line, she can’t hold back the tears of fear,
disappointment, and homesickness. One
at a time, every young woman in the class
hugs and comforts her.
“There is so much tenderness here,
and these girls are making a community,
making a family between them even
though they may have only been around
each other a couple of weeks,” says Daniels
Taylor, with clear affection in her voice.
Her engaging lyrical voice enchants the
reader with every turn of the page:
“I dream goals,
gleaming glittering glowing.
I dream spirit building,
With pens, with pencils,
I’m writing my dreams on fire.”
But there is also a rawness within
those beautiful lines that doesn’t let the
reader escape the realities of Shanequa’s
life at home:
“Garbage truck wake-up alarm
we’re still home alone.
Grandma’s key unlocks our door.
School called. Dropped a dime to Social
Court took Mama’s
parent rights away.”
This dose of reality appeals to
seventeen-year-old Nichols School student
Tahynnis Newsome who appreciates the
“very down to earth and very real” writing
in Dreams on Fire.
“She puts her characters in realistic
situations and then comes up with very
real consequences,” says Newsome.
“Reading Dreams on Fire opens up some
of the potential situations you may
Educators agree with Newsome’s
assessment of Daniels Taylor’s book. Carey
Miller, an English and history teacher at
Buffalo Seminary, thinks Dreams on Fire
is the book young women in Buffalo need
right now. “They need books to reflect
their lived and imagined experiences.
Books that feel authentic to their age,
community, gender, race, culture,
socioeconomic status, etc. Narratives
surrounding private schools don’t need
to be about boys, horseback riding, and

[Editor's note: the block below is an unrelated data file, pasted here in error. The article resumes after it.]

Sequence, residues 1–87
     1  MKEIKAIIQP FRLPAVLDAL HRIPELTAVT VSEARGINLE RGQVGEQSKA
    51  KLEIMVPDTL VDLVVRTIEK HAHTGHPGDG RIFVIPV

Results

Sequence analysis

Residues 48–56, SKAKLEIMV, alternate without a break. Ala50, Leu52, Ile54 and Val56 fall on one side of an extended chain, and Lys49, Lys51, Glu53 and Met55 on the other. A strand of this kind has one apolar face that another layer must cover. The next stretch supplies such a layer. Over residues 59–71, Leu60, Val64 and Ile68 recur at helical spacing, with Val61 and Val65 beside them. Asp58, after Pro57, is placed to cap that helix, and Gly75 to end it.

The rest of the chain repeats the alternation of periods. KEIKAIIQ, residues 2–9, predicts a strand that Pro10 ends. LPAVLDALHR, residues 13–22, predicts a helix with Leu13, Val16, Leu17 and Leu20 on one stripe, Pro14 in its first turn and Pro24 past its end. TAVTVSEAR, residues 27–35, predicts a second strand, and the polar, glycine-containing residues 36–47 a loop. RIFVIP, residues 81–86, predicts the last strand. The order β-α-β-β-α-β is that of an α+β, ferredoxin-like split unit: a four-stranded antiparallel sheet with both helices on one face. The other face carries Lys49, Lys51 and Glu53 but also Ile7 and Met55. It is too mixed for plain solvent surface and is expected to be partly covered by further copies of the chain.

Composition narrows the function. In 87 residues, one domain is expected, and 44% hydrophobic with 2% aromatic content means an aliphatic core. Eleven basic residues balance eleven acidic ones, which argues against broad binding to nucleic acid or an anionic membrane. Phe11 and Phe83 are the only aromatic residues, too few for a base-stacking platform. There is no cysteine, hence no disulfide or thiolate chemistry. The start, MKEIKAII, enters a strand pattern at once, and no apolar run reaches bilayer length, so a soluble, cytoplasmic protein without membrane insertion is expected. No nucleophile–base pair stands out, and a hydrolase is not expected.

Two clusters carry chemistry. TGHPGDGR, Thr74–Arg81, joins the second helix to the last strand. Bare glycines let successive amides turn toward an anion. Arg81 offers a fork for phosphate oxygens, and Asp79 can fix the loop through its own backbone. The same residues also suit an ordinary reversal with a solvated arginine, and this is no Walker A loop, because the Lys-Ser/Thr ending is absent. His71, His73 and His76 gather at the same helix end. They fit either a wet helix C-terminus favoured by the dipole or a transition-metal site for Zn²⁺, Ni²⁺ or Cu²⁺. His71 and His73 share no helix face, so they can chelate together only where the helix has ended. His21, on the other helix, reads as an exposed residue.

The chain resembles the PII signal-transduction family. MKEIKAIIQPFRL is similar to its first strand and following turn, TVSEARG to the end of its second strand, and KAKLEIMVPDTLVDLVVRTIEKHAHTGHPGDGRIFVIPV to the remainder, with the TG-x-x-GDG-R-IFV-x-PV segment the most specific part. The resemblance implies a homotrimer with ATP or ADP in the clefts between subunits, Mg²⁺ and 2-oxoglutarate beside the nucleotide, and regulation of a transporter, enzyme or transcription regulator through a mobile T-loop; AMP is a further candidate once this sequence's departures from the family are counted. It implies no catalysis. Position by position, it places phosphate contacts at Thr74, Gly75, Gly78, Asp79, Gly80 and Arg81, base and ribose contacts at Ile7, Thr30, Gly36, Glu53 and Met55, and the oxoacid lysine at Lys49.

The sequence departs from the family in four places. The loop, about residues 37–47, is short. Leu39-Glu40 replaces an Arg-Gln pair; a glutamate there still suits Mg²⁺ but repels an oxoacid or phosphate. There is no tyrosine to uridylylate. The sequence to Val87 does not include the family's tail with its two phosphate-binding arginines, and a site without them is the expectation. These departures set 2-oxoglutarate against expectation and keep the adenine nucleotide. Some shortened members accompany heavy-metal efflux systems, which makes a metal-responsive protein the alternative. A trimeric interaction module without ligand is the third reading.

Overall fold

fashion. We’re done with that. Taylor’s
story of Shanequa Oni Stephens is a richer
tale, one of strong people who have just
as much desire and need for better lives
than literature’s stock characters but are
trapped by outside forces who provide
larger than life obstacles at every step.
Through Shanequa, Taylor provides the
reader a crystal clear photo of the ugly
reality of systemic racism. Those who
don’t have this lived experience need it
even more than those who recognize it all
Esther Annan, a social worker with
Erie County Youth Detention Center and
one of the current executive directors at
Say Yes Buffalo, is the inspiration for a
social worker who appears in the story.
She feels hopeful after reading Dreams
on Fire and believes that Shanequa is the
perfect example of resiliency in the face of
adversity. “Dreams on Fire is an important
book, because it teaches lessons of faith,
perseverance, resilience, and belief in one’s
ability to overcome,” she notes.
Dreams on Fire, which was recently
named a Junior Library Guild selection,
is Daniels Taylor’s fourth book, and she
is currently working on a sequel. She is
an Arthur A. Schomburg fellow with the
University at Buffalo’s Department of
Media Study and was recently awarded
a New York State Public Humanities
fellowship in support of her efforts
to develop an Underground Railroad
sound-walk through Buffalo’s fifteen
Underground Railroad sites.
Learn more about Dreams on Fire at
annettedanielstaylor.com. P H